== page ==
Okay, but maybe your system does a scan at low magnification and then zooms in to a higher magnification to take a closer look at anything of interest.

Here's one rock:

And here's the whole stitched view (non-stacked --- there was a bump).

Stitching is a bit more useful at this magnification, because you don't have to worry about your particles fitting into each frame. But this is even less of an issue for the smaller rocks, which we haven't looked at yet.

And in any case, steady-state would probably make more sense than stitching over a wide field of view. Rather than having an operator spread some particles over a plate and replacing them after the scan is done and any particles have been picked it, a serious system should use a hopper and conveyor belt to spread them out thin past a stationary (or moving in 1 axis) microscope. If you see anything worth keeping, direct the rocks into a new container. Expert mode: Use a tiny electromagnetic needle to separate each grain of sand individually.

I'll leave you with an example of edge and roundness detection (on my smaller grains) using a script I found from someone who isn't me, Definitely some potential, but I think that it would also be worth trying to physically separate out by roundness rather than immediately jumping into computer vision. That is, if our goal is to solve the problem of finding micrometeorites, rather than forcing the problem to be solved using the hardware that we have.

Micrometeorites (part 2)

I just spent the last couple of hours on a dissecting microscope looking through grains of sand for things that were more round than usual. And I did find things. 7 or 8 candidate rough or shiny stones of size 150-500 microns, which I transferred to a tiny plastic bag using a moistened sliver of matchstick. It's not exactly the same, but right now I'm glad for my training in handling nematodes, which can be of similar size and which are also fragile and try to squirm away. Tiny rocks, in comparison, are relatively easy to pick up --- though I'm not convinced that every single one of the specks actually made it into the bag afterwards. (EDIT: A much better way is onto a sticky note (they stick) , or if going to be used for SEM, onto conductive tape. )

Unfortunately, while clearer when viewed directly with my eyeballs, the best pictures I could get with my phone on the eyepiece don't vastly exceed that of the USB microscope. Here's the large spherule I showed in the last post --- if it were extraterrestrial it would probably be "I type", but again, most that look like this are extraterrestrial.

So when I get a chance they'll go right into the SEM to look in proper detail. In the meantime, let's play: Spot the blurry spherule!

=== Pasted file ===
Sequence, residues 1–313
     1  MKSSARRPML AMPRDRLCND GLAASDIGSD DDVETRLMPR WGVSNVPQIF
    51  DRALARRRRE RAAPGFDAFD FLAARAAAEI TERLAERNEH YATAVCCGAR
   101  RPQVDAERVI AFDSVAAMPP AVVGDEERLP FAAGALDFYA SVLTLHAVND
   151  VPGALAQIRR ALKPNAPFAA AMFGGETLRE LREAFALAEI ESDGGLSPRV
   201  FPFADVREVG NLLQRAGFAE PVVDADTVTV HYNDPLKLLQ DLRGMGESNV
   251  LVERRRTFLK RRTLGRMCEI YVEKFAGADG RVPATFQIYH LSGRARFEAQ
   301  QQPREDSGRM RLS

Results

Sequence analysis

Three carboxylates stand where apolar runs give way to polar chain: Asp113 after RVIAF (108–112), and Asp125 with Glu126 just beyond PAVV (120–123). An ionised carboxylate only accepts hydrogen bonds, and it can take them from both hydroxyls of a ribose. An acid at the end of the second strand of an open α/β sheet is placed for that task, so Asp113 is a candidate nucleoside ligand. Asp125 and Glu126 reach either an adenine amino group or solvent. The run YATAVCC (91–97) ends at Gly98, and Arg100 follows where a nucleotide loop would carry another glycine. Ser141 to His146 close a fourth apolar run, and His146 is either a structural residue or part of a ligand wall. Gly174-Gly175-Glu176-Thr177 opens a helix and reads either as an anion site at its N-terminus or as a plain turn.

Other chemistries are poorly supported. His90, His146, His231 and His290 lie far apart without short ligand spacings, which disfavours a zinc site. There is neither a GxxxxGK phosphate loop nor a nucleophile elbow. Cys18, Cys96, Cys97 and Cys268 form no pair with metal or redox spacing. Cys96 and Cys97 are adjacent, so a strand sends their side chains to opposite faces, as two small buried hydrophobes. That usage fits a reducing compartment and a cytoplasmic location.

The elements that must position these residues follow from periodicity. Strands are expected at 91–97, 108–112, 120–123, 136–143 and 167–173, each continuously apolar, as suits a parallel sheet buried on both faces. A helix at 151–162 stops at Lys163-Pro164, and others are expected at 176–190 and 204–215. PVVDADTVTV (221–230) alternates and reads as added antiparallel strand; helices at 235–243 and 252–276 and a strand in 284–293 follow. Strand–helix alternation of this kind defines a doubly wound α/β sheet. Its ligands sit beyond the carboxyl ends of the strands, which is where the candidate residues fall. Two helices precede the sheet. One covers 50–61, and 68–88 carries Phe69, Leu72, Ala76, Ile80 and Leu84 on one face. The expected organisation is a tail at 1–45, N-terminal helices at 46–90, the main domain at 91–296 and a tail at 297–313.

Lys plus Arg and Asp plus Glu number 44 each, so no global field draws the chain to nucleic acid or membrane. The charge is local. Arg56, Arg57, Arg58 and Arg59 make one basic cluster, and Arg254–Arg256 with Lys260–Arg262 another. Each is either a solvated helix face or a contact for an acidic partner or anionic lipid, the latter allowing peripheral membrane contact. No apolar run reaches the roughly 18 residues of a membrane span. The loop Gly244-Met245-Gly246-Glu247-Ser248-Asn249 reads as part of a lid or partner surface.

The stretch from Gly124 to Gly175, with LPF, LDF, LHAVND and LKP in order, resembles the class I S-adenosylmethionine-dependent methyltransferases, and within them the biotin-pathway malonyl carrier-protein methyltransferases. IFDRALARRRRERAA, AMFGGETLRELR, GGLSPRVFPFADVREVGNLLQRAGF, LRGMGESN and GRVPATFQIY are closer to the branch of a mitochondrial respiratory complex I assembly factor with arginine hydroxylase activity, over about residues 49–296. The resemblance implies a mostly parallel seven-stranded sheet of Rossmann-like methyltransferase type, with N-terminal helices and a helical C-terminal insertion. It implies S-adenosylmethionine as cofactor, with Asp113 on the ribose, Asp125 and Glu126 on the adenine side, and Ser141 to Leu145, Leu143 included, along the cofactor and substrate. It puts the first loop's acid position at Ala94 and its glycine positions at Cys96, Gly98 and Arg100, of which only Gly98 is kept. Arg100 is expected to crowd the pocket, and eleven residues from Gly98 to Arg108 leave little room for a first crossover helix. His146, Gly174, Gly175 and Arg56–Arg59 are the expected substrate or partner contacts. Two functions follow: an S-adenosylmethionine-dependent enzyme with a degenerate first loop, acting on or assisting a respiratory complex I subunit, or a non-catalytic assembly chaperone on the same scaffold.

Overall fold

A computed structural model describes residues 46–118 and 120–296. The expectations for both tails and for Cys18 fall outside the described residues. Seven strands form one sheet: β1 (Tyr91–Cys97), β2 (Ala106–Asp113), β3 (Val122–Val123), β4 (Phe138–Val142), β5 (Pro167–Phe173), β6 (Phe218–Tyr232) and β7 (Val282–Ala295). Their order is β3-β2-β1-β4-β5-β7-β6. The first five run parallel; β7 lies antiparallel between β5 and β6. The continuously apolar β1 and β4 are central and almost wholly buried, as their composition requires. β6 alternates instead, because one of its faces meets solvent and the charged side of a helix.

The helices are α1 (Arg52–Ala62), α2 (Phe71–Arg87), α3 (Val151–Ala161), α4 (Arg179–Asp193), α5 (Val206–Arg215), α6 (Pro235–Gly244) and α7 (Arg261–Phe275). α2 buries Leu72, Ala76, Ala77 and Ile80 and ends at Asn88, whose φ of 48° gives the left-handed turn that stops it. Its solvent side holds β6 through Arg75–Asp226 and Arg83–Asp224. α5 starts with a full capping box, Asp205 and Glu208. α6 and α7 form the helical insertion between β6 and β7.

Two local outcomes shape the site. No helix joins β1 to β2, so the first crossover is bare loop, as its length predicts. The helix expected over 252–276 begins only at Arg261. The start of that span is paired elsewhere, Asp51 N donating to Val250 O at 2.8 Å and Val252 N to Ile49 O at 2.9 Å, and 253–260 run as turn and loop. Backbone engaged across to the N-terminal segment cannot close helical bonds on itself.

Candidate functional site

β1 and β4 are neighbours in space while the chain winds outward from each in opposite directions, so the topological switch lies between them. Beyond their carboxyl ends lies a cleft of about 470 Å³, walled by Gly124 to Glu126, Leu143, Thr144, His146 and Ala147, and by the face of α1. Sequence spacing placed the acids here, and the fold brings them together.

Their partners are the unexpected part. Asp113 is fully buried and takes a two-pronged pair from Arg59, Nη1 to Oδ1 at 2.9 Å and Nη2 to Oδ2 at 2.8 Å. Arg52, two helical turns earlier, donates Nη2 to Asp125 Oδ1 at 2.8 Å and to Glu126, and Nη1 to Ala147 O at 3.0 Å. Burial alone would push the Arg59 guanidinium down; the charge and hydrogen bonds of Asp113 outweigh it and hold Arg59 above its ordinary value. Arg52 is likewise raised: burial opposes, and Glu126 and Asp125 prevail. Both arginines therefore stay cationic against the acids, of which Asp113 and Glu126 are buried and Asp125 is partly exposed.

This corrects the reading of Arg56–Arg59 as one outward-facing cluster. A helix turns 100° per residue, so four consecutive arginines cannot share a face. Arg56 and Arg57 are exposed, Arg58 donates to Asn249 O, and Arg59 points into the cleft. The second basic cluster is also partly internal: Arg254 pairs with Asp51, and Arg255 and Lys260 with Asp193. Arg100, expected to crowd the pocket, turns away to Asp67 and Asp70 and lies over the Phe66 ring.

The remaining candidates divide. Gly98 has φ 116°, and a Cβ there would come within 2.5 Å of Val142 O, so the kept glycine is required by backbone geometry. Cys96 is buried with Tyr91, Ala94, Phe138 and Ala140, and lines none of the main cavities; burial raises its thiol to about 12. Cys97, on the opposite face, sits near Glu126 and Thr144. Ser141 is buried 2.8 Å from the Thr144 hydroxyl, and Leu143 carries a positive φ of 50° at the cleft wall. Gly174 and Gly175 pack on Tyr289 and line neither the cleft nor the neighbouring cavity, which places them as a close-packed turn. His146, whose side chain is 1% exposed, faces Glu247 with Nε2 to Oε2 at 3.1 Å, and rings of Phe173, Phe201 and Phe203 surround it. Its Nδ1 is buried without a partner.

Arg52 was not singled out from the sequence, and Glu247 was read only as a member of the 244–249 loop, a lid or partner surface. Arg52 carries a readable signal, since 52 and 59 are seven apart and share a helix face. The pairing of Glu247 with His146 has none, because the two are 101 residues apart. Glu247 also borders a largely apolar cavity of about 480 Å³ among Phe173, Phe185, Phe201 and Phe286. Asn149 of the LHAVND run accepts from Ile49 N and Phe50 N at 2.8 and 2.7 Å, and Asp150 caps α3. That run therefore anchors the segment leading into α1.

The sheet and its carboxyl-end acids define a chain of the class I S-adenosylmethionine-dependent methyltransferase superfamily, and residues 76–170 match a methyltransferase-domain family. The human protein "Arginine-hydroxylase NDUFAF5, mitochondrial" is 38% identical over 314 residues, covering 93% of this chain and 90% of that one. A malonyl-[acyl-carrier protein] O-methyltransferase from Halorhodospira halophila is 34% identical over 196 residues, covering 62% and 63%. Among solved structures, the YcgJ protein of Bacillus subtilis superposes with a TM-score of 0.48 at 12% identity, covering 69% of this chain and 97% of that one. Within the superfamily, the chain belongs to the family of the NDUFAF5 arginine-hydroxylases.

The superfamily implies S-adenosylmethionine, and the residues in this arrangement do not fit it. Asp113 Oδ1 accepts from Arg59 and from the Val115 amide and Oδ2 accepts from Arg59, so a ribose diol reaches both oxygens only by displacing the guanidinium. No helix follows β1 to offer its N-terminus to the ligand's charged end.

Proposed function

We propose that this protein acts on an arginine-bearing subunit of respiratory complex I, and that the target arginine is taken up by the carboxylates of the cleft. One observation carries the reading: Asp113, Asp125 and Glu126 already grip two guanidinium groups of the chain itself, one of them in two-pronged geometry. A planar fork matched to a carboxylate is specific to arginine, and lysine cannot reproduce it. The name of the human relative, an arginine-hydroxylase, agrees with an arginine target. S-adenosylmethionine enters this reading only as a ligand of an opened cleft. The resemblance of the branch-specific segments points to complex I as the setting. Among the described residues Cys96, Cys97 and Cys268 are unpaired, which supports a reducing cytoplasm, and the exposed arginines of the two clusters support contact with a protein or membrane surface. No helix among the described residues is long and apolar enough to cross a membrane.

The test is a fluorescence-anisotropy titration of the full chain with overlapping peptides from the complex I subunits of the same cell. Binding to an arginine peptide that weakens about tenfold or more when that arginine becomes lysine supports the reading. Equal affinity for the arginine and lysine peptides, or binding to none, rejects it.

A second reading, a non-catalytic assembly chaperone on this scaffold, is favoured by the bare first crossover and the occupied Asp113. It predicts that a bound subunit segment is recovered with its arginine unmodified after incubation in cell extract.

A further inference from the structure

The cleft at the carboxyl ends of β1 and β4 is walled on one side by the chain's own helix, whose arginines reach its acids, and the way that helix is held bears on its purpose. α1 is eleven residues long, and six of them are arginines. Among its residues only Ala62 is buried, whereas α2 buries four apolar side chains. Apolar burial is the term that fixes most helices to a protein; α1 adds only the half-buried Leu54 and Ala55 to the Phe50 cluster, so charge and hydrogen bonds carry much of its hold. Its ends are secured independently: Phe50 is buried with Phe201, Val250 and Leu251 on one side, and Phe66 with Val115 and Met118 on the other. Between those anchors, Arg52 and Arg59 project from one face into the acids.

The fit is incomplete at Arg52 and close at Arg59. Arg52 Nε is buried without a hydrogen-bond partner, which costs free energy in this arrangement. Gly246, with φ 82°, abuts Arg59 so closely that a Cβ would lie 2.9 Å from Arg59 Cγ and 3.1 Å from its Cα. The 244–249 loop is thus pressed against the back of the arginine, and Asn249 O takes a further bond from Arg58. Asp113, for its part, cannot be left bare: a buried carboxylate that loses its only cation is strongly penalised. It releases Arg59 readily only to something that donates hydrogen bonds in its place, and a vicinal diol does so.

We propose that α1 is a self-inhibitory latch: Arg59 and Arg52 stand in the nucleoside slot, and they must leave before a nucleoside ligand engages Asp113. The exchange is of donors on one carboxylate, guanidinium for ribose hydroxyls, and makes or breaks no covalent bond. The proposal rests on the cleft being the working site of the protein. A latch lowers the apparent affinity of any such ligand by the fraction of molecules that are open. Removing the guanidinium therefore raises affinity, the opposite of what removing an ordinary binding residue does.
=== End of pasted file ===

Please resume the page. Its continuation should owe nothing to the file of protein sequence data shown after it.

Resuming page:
There's actually quite a bit of interesting "other" that I didn't transfer over, too:

is that an insect mandible? a thorn?

After spending this time looking through with my eyeballs, I am still convinced that some form of automation, or further enrichment of the sample, is possible. After all, we already did the latter with our washing, sieving, and magnetic sorting.

First we can be even stricter: Wash more thoroughly, in order to remove all the little tiny dirt flecks which complicate the search in the small size fraction, and allow non-magnetic particles to stick to the magnetic ones. And I would sieve to an even narrower particle size --- perhaps 50 microns in variation.

With that size fraction I would like to then try a method to physically separate out jagged samples from rounded ones. My ideas are to merely shake them dry in a container until the smaller, round objects end at the bottom, to put them on a shaker with a slight slant so that rounded particles tend to roll to the bottom, or to (most complicated) use a dense liquid like saturated sucrose solution to separate them out based on drag.

I still think the automated machine vision part is possible, too, again, trying to put the particles in single file so we can use good optics and not have to make them move. But the idea of a magnetic needle picking out individual particles is pretty much absurd. I mean yes, it's possible, but it would be a pain in the butt to build.

Something like what they use to separate out seeds would be ideal:

or, actually, it turns out they have this optimized for sand-sized particles --- for sand!

Apparently, the "Wesort Intelligent Full-Color CCD Quartz sand Color Sorter is specialized for the Quartz sand processing industry". What a world.

Micrometeorites (part 3)

Looked under the SEM and saw some promising stuff, but the veteran hunters think terrestrial. Dang!